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Spreading

Youthful activity putting seniors at risk

If you are a West Virginian in the 60-plus age group, your best strategy for avoiding COVID-19 may be simple: Stay away from younger people. Too many of them are refusing to take defensive measures against the virus.

As a result, more and more in the under-60 crowd are contracting the disease. Though most of them experience few, if any, severe symptoms, they are carriers. And because a significant percentage of younger Mountain State residents refuse to wear face coverings or practice social distancing, they are spreading COVID-19 like wildfire.

Just a week ago, there were 1,581 active cases of the disease in our state. By Tuesday, that had shot up to 1,864. Thirteen more West Virginians’ lives had been claimed by the coronavirus during that week.

One of them was a 73-year-old Marshall County man who was described as having “very minimal pre-existing conditions.” Age alone makes a person more vulnerable.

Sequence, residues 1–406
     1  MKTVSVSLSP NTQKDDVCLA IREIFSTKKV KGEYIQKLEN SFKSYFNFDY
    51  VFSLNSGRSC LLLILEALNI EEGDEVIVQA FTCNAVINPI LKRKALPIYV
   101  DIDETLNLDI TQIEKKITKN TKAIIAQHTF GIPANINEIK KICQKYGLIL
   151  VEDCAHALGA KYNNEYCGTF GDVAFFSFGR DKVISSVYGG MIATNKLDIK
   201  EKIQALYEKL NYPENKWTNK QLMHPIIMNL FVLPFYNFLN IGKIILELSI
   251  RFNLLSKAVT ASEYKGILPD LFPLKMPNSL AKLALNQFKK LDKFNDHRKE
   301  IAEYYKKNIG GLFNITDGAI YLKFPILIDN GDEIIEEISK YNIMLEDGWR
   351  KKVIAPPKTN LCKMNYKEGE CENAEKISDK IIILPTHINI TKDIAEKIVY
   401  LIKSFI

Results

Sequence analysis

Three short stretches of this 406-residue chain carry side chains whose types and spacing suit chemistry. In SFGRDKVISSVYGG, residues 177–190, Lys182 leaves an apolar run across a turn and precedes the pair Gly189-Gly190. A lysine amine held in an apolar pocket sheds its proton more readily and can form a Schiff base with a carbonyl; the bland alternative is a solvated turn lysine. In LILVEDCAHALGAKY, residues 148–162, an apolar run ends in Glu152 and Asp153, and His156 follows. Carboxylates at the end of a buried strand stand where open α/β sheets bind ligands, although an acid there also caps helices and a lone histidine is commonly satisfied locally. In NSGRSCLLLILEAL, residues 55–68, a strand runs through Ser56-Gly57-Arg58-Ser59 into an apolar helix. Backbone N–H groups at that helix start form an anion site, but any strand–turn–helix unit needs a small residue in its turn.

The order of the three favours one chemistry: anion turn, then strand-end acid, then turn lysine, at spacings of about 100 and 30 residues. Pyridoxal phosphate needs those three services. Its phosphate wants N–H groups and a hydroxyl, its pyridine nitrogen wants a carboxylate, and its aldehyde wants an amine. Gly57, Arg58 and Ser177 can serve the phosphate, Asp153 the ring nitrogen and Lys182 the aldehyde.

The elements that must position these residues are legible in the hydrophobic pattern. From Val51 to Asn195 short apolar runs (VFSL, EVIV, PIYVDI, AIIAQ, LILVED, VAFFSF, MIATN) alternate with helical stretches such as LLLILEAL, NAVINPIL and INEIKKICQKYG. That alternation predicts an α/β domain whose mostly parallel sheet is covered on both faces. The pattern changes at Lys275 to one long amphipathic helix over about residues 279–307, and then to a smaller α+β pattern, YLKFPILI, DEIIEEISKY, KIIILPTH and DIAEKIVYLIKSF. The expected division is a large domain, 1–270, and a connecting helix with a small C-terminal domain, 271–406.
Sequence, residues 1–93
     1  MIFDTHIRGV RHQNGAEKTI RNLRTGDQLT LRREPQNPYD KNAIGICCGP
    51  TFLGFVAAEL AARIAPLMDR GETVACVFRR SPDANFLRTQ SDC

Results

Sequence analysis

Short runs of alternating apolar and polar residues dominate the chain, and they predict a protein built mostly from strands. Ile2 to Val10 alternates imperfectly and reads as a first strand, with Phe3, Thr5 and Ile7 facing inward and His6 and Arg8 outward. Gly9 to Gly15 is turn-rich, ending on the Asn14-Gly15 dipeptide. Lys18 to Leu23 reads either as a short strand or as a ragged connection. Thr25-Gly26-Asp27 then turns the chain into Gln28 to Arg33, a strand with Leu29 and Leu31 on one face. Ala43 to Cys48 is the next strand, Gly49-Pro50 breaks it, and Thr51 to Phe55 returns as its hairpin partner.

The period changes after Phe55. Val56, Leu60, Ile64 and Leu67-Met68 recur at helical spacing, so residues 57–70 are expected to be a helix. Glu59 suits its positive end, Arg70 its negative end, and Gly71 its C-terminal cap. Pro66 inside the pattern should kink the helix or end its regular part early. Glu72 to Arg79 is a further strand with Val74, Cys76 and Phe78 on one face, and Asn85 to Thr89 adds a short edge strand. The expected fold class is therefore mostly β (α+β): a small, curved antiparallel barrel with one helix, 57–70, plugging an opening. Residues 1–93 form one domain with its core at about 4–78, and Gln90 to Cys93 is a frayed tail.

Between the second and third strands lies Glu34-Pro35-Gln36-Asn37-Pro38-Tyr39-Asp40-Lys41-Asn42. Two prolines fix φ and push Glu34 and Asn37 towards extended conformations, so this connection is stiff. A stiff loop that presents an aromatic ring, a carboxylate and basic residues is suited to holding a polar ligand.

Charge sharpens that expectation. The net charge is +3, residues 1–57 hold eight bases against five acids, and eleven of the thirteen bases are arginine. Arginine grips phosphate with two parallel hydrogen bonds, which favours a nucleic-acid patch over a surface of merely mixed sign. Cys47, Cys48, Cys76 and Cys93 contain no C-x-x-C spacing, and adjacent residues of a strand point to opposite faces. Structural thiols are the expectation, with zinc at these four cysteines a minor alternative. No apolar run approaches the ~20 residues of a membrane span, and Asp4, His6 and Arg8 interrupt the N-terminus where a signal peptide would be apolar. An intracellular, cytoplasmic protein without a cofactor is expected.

Nationally, it appears clear that “young people are really driving a part of this expansion” of the disease, Dr. Clay Marsh commented this week. Marsh, who is West Virginia University vice president and executive dean for health sciences, has been labeled our state’s “COVID-19 czar.”

Here in the Mountain State, younger people are driving the numbers up. As of Tuesday, nearly two-thirds of the West Virginians diagnosed with the disease were less than 50 years old.

At one point, Monongalia County was the state’s worst COVID-19 hot spot. At one point, three-fourths of the people testing positive for the disease there were in the 18-29 age group.

“We haven’t seen the worst of this yet. This thing is building up,” Marsh told MetroNews this week.

We hope and pray he is wrong about that. But unless more younger West Virginians protect themselves — and thus, older people — against COVID-19, Marsh’s forecast may be measured in scores more deaths.

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